The short answer is no. Although the Plaintiffs, by and through their respective
counsel, may declared within their alleged Motions for Rehearing and Reconsideration
that based on changes in case law court orders she be changed or otherwise
vacated, there is nothing in the rules of civil procedure that would remotely
permit a court to do such a thing.
To be sure, there is only one instance of which I am aware, permitting
a court to revisit its
after all review and appellate deadlines have expired. Those final orders which are collaterally reviewed however are reviewed
in substantially limited circumstances. To begin, collateral review is
limited to criminal matters specifically, and among them capital criminal
cases in particular. It should be noted that even amongst those matters
which warrant a collateral review, the basis upon which a motion for collateral
review of a final order is granted, is considerably narrow. Final orders
in a capital case will only be overturned or reversed due to an alleged
change of law under Fla. R. Crim. P. 3.850 when the alleged change: “(a)
emanates from this Court or the United States Supreme Court, (b) is constitutional
in nature, and (c) constitutes a development of fundamental significance.
Most law changes of “fundamental significance” will fall within
the two broad categories described earlier.”
Witt v. State, 387 So. 2d 922, 931 (Fla. 1980). The final order as provided by a court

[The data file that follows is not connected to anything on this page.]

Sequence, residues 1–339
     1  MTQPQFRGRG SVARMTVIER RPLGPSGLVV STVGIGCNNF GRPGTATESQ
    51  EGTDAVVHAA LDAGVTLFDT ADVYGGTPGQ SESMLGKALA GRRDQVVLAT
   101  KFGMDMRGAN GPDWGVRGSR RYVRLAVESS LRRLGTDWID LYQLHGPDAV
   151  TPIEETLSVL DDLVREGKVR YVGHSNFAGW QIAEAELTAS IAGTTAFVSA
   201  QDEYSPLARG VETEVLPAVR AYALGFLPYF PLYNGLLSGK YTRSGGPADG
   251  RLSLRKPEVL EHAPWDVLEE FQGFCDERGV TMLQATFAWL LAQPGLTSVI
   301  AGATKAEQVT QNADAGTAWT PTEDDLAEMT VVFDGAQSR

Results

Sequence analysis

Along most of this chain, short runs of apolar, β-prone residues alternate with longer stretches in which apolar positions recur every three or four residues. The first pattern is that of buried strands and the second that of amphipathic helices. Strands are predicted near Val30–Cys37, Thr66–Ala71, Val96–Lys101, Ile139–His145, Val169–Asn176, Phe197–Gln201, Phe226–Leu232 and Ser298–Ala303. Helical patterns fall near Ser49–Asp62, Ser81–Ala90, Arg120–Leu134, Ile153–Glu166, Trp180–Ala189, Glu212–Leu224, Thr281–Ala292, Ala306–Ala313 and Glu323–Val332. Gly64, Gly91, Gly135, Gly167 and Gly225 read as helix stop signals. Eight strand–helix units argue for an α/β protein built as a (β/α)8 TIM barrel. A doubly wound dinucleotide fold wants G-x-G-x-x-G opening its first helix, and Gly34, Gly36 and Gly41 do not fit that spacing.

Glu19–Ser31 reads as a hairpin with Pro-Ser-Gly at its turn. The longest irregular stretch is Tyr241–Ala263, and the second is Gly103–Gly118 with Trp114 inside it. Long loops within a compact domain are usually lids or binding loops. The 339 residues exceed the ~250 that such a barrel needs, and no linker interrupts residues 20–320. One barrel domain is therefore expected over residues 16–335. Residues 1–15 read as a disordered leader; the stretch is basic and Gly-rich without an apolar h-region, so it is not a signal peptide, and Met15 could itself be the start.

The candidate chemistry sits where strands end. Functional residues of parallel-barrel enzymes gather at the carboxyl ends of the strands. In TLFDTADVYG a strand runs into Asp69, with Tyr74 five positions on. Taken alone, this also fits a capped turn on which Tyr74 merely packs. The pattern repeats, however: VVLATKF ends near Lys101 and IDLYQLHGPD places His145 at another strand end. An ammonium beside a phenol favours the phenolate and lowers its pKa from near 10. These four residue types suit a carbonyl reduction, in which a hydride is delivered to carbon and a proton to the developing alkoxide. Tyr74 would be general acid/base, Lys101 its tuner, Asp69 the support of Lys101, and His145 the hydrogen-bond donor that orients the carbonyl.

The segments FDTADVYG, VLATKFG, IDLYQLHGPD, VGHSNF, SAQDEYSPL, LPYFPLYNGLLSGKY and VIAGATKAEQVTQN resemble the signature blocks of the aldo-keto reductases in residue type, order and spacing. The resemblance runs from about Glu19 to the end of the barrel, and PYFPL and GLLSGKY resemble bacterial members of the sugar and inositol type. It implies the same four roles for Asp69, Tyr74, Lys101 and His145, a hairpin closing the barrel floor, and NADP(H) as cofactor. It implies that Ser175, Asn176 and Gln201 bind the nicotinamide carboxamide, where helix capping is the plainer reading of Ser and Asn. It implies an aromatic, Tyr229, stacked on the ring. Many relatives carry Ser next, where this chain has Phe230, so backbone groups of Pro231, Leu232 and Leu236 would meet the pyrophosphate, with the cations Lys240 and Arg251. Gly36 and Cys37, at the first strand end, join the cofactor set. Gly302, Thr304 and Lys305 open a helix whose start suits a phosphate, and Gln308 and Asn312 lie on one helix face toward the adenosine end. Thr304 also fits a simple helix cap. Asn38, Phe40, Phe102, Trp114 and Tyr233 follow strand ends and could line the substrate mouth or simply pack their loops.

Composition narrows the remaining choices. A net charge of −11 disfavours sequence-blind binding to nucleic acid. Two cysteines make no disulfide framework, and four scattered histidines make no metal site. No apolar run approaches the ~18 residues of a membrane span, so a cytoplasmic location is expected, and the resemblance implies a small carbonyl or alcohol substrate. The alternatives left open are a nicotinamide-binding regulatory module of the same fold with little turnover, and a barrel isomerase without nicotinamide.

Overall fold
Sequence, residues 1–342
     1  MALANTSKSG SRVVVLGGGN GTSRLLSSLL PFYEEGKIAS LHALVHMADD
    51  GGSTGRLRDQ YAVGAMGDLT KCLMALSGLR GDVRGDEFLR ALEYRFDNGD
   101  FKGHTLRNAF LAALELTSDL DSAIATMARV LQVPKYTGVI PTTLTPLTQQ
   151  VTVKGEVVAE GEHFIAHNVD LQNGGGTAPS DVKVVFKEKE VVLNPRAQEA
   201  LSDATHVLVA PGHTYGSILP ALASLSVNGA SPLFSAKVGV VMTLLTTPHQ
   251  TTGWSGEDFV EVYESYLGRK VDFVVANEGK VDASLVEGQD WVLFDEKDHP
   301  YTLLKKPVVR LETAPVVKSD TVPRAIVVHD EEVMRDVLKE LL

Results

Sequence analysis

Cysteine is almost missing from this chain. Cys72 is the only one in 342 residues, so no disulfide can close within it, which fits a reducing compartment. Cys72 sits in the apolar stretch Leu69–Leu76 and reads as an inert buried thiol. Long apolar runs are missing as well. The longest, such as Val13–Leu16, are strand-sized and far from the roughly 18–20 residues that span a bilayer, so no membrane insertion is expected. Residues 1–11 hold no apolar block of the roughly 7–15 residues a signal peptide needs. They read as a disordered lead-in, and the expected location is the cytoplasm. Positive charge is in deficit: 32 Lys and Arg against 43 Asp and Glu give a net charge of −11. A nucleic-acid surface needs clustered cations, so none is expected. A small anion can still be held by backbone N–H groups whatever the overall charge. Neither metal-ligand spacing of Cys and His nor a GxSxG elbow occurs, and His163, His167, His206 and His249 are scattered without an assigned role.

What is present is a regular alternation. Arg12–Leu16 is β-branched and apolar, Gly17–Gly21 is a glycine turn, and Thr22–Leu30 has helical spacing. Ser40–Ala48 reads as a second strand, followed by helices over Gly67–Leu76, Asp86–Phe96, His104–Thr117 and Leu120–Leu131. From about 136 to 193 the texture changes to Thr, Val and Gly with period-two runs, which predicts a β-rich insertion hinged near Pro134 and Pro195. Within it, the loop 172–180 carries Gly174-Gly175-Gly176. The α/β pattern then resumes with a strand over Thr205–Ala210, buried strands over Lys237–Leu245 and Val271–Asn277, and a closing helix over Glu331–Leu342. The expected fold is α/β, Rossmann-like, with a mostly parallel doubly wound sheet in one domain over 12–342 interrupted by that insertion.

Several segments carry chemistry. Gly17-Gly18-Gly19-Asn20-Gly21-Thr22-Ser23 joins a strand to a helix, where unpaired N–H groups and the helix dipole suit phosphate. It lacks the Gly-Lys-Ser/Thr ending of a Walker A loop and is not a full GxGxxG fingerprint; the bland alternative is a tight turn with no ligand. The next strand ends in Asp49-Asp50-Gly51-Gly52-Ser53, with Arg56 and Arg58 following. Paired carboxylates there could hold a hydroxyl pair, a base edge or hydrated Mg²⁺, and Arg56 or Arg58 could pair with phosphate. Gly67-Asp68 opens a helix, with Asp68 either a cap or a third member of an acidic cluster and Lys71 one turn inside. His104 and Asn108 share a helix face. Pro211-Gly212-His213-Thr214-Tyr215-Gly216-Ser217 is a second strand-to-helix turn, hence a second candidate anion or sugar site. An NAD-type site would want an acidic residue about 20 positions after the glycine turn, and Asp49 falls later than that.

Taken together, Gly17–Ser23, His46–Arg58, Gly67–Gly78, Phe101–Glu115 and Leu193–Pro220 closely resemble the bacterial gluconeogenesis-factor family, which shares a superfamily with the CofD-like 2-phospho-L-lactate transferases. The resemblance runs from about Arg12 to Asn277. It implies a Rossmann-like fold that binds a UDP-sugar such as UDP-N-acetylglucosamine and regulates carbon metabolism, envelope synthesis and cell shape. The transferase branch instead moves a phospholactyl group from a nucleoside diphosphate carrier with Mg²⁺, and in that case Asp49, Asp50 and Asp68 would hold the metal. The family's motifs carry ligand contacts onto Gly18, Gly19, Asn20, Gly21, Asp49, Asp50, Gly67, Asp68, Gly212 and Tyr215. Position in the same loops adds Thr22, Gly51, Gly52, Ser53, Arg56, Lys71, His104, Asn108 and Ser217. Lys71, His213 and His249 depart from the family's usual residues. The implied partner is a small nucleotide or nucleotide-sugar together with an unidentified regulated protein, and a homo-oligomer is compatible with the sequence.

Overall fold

in the context of a lien foreclosure matter clearly doesn’t even
come close to the threshold Plaintiffs, and their counsel, would apparently
like courts to believe it does.
See United States v. Addonizio, 442 U.S. 178, 184 & n.11, 99 S.Ct. 2235, 2240 & n.11, 60 L.Ed.2d
805 (1979) (footnote omitted);
See also Linkletter v. Walker, 381 U.S. 618, 637-38, 85 S.Ct. 1731, 1741-42, 14 L.Ed.2d 601 (1965);
See also State v. Barnum, 921 So. 2d 513, 518 (Fla. 2005),
as revised on denial of reh'g (Feb. 9, 2006).
Doctrine of Finality
The Courts throughout Florida or for that matter any justice system, employ
the well-established “Doctrine of Finality.” The Doctrine
of Finality ensures that just because Florida laws may change over time,
prior rulings are not then automatically reversed, for if they were, then
the finality of laws as enforced throughout the justice system and demanded
from the public at large, would simply be an illusion.
Witt v. State, 387 So. 2d 922, 925 (Fla. 1980). “The importance of finality in
any justice system, including the criminal justice system, cannot be understated.
It has long been recognized that, for several reasons, litigation must,
at some point, come to an end. In terms of the availability of judicial
resources, cases must eventually become final simply to allow effective
appellate review of other cases.”
Id. Again, the
Criminal Justice system,